November 10, 2021

We’ll stop buying plastic and lightbulbs to be green, but we won’t change our diets

Author:
Nick Baker, Chief Research Officer
Overall, 60% of UK adults consider themselves to be ‘environmentally-friendly’ when taking in the full range of sustainability factors such as recycling, conserving energy, being carbon neutral and travelling less by plane.

The debate continues to rage over how much is enough when it comes to being more environmentally-friendly. Our research shows most UK adults are willing to make small changes here and there, but far fewer are willing to make the major lifestyle changes that some climate change experts say are needed.


Three-quarters (74%) of UK adults say they’re willing to forego single-use plastics, a third (65%) will stop using standard non-energy-efficient lightbulbs, and 59% will stop buying cleaning products that contain toxic chemicals.

Older generations are leading this particular charge: the percentages rise for each age group, up to 85% of Baby Boomers (aged 55+) are willing to give up plastics over the next 12 months, 75% to reconsider their lightbulb choices and 63% are happy to opt for eco-friendly cleaning materials.

When it comes to our diets, however, the data tells a different story: a little more than a third (37%) are willing to stop buying food that isn’t grown in the UK – and only 29% are willing to give up meat. In addition, only one in six (17%) say they’ll give up dairy products.

This is where younger consumers take the lead and older generations are less willing to compromise: 37% of Generation Z (aged 18-24) and 33% of Millennials (aged 25-40) are willing to give up meat over the next year, they are also more likely to give up dairy as well (27% and 23%, respectively).

The findings come from the latest Eco Index2021 report from Savanta, which analysed the views on climate change and sustainability of 6,000 respondents – exploring the opinions on environmental issues across the UK, US and Canada.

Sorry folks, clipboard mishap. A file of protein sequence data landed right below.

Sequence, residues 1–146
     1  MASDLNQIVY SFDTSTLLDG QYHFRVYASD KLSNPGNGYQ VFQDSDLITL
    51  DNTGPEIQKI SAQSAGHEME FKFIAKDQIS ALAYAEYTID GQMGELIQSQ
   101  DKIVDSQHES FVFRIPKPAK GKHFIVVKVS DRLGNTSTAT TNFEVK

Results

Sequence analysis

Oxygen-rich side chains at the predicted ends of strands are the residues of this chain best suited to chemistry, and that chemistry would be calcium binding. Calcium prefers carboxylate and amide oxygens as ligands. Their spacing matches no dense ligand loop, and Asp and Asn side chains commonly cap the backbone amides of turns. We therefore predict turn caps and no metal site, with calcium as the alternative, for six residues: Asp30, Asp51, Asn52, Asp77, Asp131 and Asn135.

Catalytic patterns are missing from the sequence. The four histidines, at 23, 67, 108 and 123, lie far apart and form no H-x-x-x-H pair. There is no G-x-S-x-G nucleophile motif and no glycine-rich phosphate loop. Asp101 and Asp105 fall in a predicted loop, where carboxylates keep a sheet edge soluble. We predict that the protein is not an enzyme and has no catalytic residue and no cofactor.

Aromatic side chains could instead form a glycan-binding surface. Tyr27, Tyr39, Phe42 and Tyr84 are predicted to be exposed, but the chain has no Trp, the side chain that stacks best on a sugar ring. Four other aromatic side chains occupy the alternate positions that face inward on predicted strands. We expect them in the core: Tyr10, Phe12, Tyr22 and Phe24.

• 74% of UK adults are willing to give up single-use plastics next year
  • But only 29% will give up eating meat – and one in six will give up dairy
  • Younger age groups are far more open to making dietary changes.

It also asked UK adults in which categories they would be most willing to modify their purchasing choices to become more environmentally-friendly. Changing gas or electricity provider came top of the list, where more than a third (36%) suggested they’re happy to leave their utility provider of choice if it doesn’t use renewable energy.

Only slightly fewer (34%) are willing to compromise on furniture, clothes and home appliances, and 33% will reconsider their food and grocery shopping in light of those brands’ eco-credentials.

Overall, 60% of UK adults consider themselves to be ‘environmentally-friendly’ when taking in the full range of sustainability factors such as recycling, conserving energy, being carbon neutral and travelling less by plane. Baby Boomers top the age group breakdown at 70%, whereas only 42% of Generation Z feel they’re doing everything they can.

It will be fascinating to see how much the shift to an eco-friendlier lifestyle continues over the coming year. Brands that sell to UK consumers are already developing a range of new products and services to meet that demand – but when it comes to food and dietary choices in particular, it looks like it could be an uphill struggle.

To learn more about how brands can better communicate with Baby Boomers – as well as other generations – on sustainability, click here to download the UK version of our Eco Index 2021 report and here to access the Americas version.


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